Oshun, also known as Oxum and Ochún, is a supreme being or Orisha of the Yoruba people – the largest ethnic group of southwestern Nigeria. In the Yoruba religion, she’s also called the river goddess and is commonly associated with fresh and sweet waters, love, purity, prosperity, fertility, and beauty.
She’s the most prominent and venerated of all the Orishas but is considered to possess some human traits as well, such as perseverance, but also vanity.
What is the Yoruba Faith?
The Yoruba faith was developed by the people of Benin and Nigeria, and it consists of various rituals such as dancing, singing, as well as healing ceremonies. The Yoruba people believe that when we are born, we are assigned with one Orisha, which means the owner of our head, that accompanies us throughout our lives and acts as our protector.
In some parts of the United States, the Caribbean, and Latin America, the seven Orishas are worshiped. They’re also called The Seven African Powers and include:
It’s believed that we have the same personality traits as our Orisha.
Myths About the Oshun Goddess
In many Yoruba myths and stories, Oshun is described as the savior, protector, mother and nurturer of sweet things and humanity, and the keeper of spiritual balance.
Oshun as a Creator of Life
In one of the myths, Oshun has a key role in the creation of life on Earth and humanity. Olodumare, the Yoruba supreme god, sent seventeen Orishas down to Earth to try and populate it. They were all male deities except Oshun and failed to complete the task. They needed the female deity to help them revive the Earth. She agreed to assist them, and by delivering her powerful, sweet, and fertile waters, she brought life back to our planet, including human beings and other species. Therefore, she’s considered the goddess of fertility and life, and without her actions, life on Earth wouldn’t exist.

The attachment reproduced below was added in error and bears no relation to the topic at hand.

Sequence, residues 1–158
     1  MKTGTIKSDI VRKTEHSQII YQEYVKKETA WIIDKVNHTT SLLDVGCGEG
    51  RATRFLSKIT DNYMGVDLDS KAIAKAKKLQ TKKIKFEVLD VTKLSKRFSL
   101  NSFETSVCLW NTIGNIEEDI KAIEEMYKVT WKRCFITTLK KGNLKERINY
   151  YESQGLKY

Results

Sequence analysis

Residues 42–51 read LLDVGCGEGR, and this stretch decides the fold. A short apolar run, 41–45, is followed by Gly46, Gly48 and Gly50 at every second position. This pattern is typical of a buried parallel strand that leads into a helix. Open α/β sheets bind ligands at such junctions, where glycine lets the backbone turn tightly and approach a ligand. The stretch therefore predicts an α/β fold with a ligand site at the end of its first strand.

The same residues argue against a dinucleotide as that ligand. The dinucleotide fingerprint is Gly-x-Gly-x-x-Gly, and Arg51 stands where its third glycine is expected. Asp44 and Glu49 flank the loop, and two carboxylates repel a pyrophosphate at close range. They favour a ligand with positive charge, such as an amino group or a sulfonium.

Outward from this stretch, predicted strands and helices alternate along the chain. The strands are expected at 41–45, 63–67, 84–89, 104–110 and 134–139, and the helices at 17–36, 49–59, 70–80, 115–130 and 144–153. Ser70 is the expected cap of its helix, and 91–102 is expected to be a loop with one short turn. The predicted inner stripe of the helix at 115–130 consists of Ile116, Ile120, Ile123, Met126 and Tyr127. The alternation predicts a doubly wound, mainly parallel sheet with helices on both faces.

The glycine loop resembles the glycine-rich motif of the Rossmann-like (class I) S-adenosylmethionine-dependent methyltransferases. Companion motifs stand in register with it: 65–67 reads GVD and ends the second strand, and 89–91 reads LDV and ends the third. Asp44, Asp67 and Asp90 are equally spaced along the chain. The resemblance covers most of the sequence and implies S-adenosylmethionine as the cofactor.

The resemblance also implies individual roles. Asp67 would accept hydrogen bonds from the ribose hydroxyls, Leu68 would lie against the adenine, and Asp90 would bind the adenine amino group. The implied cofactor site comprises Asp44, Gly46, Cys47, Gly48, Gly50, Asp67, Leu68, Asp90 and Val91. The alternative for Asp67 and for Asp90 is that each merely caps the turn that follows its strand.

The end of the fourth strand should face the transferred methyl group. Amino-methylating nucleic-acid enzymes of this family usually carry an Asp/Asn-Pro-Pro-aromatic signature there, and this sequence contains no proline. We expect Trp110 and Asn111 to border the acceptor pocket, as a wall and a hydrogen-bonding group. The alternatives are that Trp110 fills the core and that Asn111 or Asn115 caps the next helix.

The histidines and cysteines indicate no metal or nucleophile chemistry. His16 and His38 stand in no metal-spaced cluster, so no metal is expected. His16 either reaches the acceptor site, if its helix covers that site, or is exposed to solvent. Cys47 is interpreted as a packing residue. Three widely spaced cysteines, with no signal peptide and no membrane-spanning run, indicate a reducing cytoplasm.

Oshun’s Sacrifice and Determination
Unlike the supreme creator god, Orishas liked living among the people on Earth. One time, the Orishas decided to stop obeying Olodumare because they thought they could run the universe without him. As punishment, Olodumare withheld the rains, drying up the lakes and rivers. Without the waters, all life on Earth was dying. The people begged the Orishas to save them. The Orishas knew that it was they who had angered the supreme god, not the humans, so they tried to summon him and bring back the rain. Since Olodumare was sitting far up in the heavens, he couldn’t hear them.
Oshun then turned herself into a peacock to try and reach him. The long journey exhausted her, and her beautiful and colorful feathers started to fall off as she was passing the sun. But the determined Oshun continued flying. Once she reached the supreme god’s home, she fell in his arms as a vulture.
Touched by her determination and bravery, Olodumare nurtured and healed her. Ultimately, he allowed her to bring the rains back to Earth, saving humanity. He also appointed her the messenger and the only mean of communication between his house and the rest of the world.
Oshun’s Sensuality and Beauty
It’s believed that Oshun had many husbands and lovers. One of her marriages that is the most prominent and the most commonly discussed is the one to Shango, the Yoruba deity of the sky and thunder. Due to her sensuality and beauty, she was also Olodumare’s favorite Orisha.
A Contradictory Myth
In contrast to the previous myth where the goddess is the creator who gives life to Earth, other myths portray her as the one who takes
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